Updated: Sep 6, 2021
By Joe Johnson
The case of an Oconee County high school student charged with sexually assaulting another student three years ago ended with a mistrial on Thursday due to prosecutorial misconduct.
The defendant’s attorney, Morris “Mo” Wiltshire, said he asked for and was granted a mistrial “with prejudice” due to prosecutors deliberately withholding evidence that was favorable to his client and that they were required by law to disclose, thereby depriving him of a fair trial.
“I’ve served for over 25 years as a prosecutor and defense attorney in this judicial circuit, and I take very seriously my duty to oppose government abuse,” Wiltshire said. “I have never had one of our prosecutors commit misconduct that required the court to declare a mistrial in a serious felony case. That is something that just never happens. What these prosecutors did in this case is an outrage. All of us that live here in Athens and Oconee County deserve much better than this from our district attorney.”
The trial was held in Oconee County Superior Court and was presided over by Judge Lawton Stephens who, according to Wiltshire, explained to the jury “that he had been forced to declare a mistrial due to prosecutorial misconduct” and then adjourned the trial.
Western Judicial Circuit District Attorney Deborah Gonzalez, whose office prosecuted the case issued the following statement: “I cannot comment on the merits of a pending case, as this matter still is. My office has requested the transcript so I can review it to determine exactly what occurred. My office takes all matters regarding constitutional rights very seriously.”
The case is only technically pending, however, and the two involved prosecutors – assistant district attorneys Robert Schollmeyer and Kyle Bowland -- face possible sanctions up to and including disbarment after an anticipated complaint is filed with the State Bar of Georgia.
Before the judge can dismiss the case, he will have to hold a “plea in bar” hearing in which the defense will set out reasons why the case can no longer proceed.
The case at issue is that of a young man who, when a 17-year-old senior at OCHS, attended a house party where alcohol was consumed on Aug. 26, 2018 along with other schoolmates, including one who two days after the party accused the student of raping and sodomizing her.
The alleged victim underwent a forensic examination provided by Athens-Clarke County Sexual Assault Nurse Examiners, Inc. (SANE), during which she said she had no other sex within five days of the alleged assault, Wiltshire said.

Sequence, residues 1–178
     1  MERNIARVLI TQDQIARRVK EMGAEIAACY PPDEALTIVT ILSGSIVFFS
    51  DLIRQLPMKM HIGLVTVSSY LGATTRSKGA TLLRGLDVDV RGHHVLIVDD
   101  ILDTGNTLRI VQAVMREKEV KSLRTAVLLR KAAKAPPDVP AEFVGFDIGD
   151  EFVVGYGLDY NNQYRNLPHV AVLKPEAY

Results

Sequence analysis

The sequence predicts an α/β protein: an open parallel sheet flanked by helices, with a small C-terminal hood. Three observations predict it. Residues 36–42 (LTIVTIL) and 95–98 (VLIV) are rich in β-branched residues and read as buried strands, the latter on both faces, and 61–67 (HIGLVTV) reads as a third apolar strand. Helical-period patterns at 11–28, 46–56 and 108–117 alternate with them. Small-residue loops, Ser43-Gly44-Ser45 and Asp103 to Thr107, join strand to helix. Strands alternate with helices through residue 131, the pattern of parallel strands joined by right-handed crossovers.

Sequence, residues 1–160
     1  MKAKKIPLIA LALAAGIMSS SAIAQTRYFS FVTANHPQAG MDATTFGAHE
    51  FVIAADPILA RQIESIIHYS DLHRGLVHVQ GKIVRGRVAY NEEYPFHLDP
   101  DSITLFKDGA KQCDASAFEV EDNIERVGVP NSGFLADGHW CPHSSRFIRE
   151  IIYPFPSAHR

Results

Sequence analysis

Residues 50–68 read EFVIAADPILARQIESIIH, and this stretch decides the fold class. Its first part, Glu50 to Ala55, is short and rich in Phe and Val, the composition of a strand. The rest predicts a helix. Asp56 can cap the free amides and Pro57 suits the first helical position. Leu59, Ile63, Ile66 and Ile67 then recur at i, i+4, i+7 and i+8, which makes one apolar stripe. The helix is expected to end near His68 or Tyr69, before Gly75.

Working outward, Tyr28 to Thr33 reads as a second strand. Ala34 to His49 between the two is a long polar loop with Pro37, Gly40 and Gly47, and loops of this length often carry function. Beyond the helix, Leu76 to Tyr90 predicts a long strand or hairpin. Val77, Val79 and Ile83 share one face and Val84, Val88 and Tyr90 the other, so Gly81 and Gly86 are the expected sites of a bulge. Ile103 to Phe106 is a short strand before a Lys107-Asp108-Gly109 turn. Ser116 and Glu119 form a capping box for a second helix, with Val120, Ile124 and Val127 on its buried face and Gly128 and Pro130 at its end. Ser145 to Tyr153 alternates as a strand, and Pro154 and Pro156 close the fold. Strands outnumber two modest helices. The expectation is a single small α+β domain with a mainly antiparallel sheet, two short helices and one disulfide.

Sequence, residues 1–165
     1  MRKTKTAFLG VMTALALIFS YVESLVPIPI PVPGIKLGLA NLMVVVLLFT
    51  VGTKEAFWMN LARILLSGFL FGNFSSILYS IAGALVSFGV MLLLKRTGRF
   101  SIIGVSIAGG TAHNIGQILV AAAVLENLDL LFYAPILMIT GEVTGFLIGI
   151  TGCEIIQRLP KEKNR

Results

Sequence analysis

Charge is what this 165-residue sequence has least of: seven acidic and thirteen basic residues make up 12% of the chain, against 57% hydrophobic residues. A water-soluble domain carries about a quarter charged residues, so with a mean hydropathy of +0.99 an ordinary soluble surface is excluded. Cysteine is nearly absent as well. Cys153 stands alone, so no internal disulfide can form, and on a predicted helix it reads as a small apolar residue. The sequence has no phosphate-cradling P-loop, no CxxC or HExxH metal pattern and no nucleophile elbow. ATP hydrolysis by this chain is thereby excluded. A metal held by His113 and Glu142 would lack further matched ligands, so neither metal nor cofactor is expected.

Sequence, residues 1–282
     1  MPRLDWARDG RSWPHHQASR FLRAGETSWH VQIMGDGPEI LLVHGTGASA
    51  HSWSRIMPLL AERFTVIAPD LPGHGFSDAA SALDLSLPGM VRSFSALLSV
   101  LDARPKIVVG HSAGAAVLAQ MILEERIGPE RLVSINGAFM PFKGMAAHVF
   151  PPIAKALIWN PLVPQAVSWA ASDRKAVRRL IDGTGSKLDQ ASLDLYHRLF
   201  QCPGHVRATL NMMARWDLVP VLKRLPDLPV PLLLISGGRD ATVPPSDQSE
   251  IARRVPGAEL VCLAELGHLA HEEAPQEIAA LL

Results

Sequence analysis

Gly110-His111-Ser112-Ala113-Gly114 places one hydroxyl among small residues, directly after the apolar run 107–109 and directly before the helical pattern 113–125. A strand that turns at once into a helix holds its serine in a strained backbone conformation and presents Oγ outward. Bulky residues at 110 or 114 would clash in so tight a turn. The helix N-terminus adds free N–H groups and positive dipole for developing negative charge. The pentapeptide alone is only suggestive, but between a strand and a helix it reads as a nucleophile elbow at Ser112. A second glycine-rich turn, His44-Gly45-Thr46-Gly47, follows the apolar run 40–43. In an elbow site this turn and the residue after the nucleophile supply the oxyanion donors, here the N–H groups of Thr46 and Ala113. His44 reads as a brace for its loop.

The alleged victim was also interviewed by a police detective, and on Sept. 6, 2018 the OCHS honors student and student body president was arrested on charges of rape and aggravated sodomy.
In the meantime, it was determined at the Georgia Bureau of Investigation’s State Crime Lab that DNA samples collected from the victim during the SANE exam had come from “several different individuals, but none from the defendant,” Wiltshire said.
The defense attorney said that DNA evidence recovered from her shorts contained genetic material of at least three male individuals, one of whom was alleged to have been the defendant.
After the case finally went to trial last week, the alleged victim testified that she had engaged in consensual sex the day after she claimed she was assaulted by the defendant, which Wiltshire said would have been a point in time preceding the day she had the SANE exam.
“This information directly contradicted the testimony of the SANE nurse examiner who had testified that she had questioned the complaining witness about consensual sex partners and had been told there were none,” Wiltshire said. “It was also not contained in her forensic interview that was conducted with investigators on August 29, 2018, nor was it in the written statement that she prepared for investigators dated August 30, 2018.”
During her testimony, the alleged victim identified by name the person she claimed to have had consensual sex with, Wiltshire said, and during cross-examination she revealed that she had shared the name of that person with prosecutor Schollmeyer.